I am tasked with playing back a video hthat comes in in a YUV format as an overlay in a larger game. I am not a specialist in Direct3d, so I am struggling. I managed to get a shader working and am rendering 3 textures (Y, V, U). Sadly I am totally unable to get anything like a decent image. Documentation is also failing me. I am currently loading the different data planes (Y,V,U) in three different textures:

m_Textures = new Texture[3];
// Y Plane
m_Textures[0] = new Texture(m_Device, w, h, 1, Usage.None, Format.L8, Pool.Managed);
// V Plane
m_Textures[1] = new Texture(m_Device, w2, h2, 1, Usage.None, Format.L8, Pool.Managed);
// U Plane
m_Textures[2] = new Texture(m_Device, w2, h2, 1, Usage.None, Format.L8, Pool.Managed);

When I am rendering them as R, G and B respectively with the following code:

float4 Pixel(float2 texCoord: TEXCOORD0) : COLOR0
    float y = tex2D (ytexture, texCoord);
    float v = tex2D (vtexture, texCoord);
    float u = tex2D (utexture, texCoord);

    //R = Y + 1.140 (V -128)
    //G = Y - 0.395 (U-128) - 0.581 (V-128)
    //B = Y + 2.028 (U-128)     

    float r = y; //y + 1.140 * v;
    float g = v; //y - 0.395 * u - 0.581 * v;
    float b = u; //y + 2.028 * u;

    float4 result;
    result.a = 255;
    result.r = r; //clamp (r, 0, 255);
    result.g = g; //clamp (g, 0, 255);
    result.b = b; //clamp (b, 0, 255);

    return result;

Then the resulting image is - quite funny. I can see the image, but colors are totally distorted, as it should be.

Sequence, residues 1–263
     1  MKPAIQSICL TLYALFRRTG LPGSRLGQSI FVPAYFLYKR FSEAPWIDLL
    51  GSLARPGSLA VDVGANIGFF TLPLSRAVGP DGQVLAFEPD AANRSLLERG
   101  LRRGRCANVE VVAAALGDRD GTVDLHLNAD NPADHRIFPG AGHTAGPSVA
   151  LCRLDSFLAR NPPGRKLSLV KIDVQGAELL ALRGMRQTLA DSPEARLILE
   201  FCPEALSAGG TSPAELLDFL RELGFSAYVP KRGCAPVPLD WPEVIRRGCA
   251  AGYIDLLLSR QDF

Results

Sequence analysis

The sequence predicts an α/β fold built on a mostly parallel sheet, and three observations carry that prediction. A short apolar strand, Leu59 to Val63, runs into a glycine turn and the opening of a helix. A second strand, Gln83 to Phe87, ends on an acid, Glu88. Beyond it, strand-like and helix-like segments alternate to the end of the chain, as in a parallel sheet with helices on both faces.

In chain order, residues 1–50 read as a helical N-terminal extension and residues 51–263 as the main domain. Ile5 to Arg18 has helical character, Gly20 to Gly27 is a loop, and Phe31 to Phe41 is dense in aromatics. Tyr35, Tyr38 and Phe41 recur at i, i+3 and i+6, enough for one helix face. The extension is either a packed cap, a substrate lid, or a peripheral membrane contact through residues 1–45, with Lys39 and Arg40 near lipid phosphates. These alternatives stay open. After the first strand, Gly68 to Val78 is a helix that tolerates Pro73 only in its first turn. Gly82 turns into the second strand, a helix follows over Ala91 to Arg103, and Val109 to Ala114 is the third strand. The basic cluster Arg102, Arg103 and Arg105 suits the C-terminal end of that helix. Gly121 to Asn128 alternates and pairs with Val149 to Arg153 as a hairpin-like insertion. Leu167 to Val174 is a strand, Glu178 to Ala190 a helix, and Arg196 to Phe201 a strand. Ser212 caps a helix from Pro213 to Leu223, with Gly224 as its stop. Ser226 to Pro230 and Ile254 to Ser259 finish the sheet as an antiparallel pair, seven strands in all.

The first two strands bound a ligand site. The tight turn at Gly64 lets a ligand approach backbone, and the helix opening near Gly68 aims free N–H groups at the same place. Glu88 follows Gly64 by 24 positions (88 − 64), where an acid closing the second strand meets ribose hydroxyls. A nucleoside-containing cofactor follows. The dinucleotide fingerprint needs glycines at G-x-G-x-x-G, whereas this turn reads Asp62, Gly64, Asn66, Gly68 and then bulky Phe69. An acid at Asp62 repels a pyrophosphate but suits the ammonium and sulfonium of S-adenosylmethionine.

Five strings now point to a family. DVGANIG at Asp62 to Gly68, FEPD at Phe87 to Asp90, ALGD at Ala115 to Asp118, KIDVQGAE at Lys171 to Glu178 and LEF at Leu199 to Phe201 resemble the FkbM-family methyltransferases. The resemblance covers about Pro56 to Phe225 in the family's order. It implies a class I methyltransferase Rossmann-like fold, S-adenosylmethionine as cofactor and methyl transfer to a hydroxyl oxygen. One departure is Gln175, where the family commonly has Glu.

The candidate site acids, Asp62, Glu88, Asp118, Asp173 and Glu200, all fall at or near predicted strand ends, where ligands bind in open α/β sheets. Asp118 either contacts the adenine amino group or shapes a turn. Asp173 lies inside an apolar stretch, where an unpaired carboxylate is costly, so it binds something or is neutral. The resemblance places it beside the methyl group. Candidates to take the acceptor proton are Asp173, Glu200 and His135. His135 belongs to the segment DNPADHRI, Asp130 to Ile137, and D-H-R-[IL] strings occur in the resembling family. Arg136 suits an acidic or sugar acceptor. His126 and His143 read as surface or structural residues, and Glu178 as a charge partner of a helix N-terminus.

The formula I should apply shows up in the comment of the pixel shader, but when I do it, the resulting image is pretty brutally magenta only. This gets me to the question - when I read out an L8 texture into a float, with

float y = tex2D (ytexture, texCoord);

what is the range of values? The "origin" values are 1 byte, 0 to 255, and the forum I have assumes this. Naturally I am totally off when the values returned are somehow normalized. My Clamp operation at the end also will fail if for example colors in a pixel shader are normalized 0 to 1. Anyone an idea how that works? Please point me also to documentation - I have not found anything in this regard.

  • 2
    \$\begingroup\$ Don't know HLSL, but I'd expect the values read from the texture to be between 0 and 1, not 0 and 255. Try y *= 256 and see what it gets you? Second point, why not just convert to RGB when decoding the video, rather than doing it in a shader? Or put the YUV values into the 'RGB' labelled channels of a single texture and do the conversion in the shader, but avoid three separate layers on the GPU side? \$\endgroup\$
    – Will
    Aug 13, 2012 at 15:12
  • \$\begingroup\$ Did and that actually worked ;) The conversion is out of my hand in this case - the format is fixed and the image is life and the decoder can not do additional transpositions. The layers also have different sized (U and V are quarter images, half width and height). Please add as answer and I will approve ;) \$\endgroup\$
    – TomTom
    Aug 13, 2012 at 16:26
  • \$\begingroup\$ Eh which bit of my advice worked? The 256 bit, right? Yeah, I've played with some pretty split up YUV plane decoding myself in the past and usually your hands are pretty tied. (What SO needs is a way to mark a *comment as the accepted Answer) \$\endgroup\$
    – Will
    Aug 14, 2012 at 5:52
  • \$\begingroup\$ Yeah. Multiplied with 256. Still looking for a better way to debug Shaders in Visual Studio ;) I would have seen this immediately. \$\endgroup\$
    – TomTom
    Aug 14, 2012 at 9:30

1 Answer 1


tex2D(sampler,pos) return values between 0 and 1.

Multiply by 255.0 to get your expected range.


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